Col. Ethan Allen, later of the Continental Army and Vermont Militia, may have originated guerrilla warfare in the 13 colonies. When New York's British governor Tryon attempted to appropriate the land known as the New Hampshire Grants for the crown, Allen organized his Green Mountain Boys to protect the settlers' rights in the area. Elected the group's colonel commandant, Allen led his group in dispensing their vigilante justice, and was thus declared an outlaw.
Fortunately for Allen, many of his fellow colonists were soon to gain the same status. As one of the early patriots, he took the Green Mountain Boys to their most famous engagement at Fort Ticonderoga, N.Y., in 1777. Joining Col. Benedict Arnold, the force of 83 men captured the fort from its sleeping British inhabitants, sending its store of cannons and mortar to Boston Harbor in aid of Gen. George Washington. Despite Allen's combat experience in the French and Indian Wars, after this engagement his men saw fit to elect Allen's cousin, Seth Warner, as their leader.
Allen left to join the American campaign in Canada, and his Boys were assimilated into the Continental Army. Fighting with Montgomery's Army near Montreal, he was captured on Sept. 25, 1775, and put in chains. After his exchange in 1778, he published the popular "Narrative of Colonel Ethan Allen's Captivity," which strengthened the growing myth of this colorful man who that same year was promoted to colonel in the Continental Army and major general of militia.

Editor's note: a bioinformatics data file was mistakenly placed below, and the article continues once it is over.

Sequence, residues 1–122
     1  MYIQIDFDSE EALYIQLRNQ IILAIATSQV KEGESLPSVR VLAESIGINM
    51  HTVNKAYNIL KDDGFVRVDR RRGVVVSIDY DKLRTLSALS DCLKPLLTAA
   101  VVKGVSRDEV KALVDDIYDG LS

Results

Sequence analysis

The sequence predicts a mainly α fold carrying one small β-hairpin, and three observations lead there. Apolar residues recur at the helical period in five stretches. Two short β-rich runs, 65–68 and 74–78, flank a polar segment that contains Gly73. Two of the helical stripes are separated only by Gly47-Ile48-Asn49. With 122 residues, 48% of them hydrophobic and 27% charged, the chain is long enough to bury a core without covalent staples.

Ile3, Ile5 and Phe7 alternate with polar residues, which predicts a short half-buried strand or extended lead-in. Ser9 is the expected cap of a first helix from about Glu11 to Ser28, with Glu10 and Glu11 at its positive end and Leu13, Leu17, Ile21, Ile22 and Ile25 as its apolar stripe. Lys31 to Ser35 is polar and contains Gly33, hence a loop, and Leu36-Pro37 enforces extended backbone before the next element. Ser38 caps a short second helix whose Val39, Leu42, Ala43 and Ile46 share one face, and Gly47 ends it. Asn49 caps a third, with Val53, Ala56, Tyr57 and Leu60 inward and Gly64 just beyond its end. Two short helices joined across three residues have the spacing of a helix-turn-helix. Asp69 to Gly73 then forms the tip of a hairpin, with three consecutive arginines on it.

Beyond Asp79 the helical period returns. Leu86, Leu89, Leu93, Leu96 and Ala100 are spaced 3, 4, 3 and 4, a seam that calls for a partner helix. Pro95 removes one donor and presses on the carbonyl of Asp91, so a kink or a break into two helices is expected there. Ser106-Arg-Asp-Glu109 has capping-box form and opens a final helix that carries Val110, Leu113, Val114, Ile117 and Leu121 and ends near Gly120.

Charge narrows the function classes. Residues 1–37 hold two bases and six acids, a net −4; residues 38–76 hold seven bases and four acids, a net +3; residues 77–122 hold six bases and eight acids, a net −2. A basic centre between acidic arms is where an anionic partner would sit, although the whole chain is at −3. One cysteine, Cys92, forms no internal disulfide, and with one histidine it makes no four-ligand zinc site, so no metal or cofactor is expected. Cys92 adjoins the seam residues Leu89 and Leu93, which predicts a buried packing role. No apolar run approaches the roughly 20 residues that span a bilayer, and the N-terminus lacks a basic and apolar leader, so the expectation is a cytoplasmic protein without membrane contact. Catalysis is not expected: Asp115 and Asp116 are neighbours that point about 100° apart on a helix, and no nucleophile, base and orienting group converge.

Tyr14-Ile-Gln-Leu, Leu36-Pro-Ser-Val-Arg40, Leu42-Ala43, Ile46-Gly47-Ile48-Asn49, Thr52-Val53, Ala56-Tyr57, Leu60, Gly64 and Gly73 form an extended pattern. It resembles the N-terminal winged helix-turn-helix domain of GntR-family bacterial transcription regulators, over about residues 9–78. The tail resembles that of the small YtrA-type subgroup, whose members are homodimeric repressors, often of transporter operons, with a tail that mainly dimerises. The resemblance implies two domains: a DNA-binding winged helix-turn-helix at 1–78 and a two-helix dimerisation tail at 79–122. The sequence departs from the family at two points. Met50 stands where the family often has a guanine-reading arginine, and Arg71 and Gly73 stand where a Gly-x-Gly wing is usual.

Born on Jan. 21, 1738, in Litchfield, Conn., Allen had moved with his wife, Mary, to the region that is present-day Vermont in 1769. At the end of the Revolutionary War, he returned to his home there and devoted himself to obtaining statehood for Vermont. Frustrated by Congress's inaction, sometime between 1780 and 1783 Allen negotiated with Canada, perhaps angling to have Vermont denoted as a British province. He was charged with treason, but the charge was never substantiated; his action is widely seen as the flamboyant Allen's attempt to strong-arm the Continental Congress. Ethan Allen retired from politics in 1784.
Sadly, Allen did not live to celebrate Vermont's 1791 admittance as the fourteenth state in the Union. He died in 1789, having devoted his post-political years to writing treatises on his deist philosophy, including "Reason, the Only Oracle of Man." His statue stands in front of the Vermont statehouse, a proud reminder of the state's independence.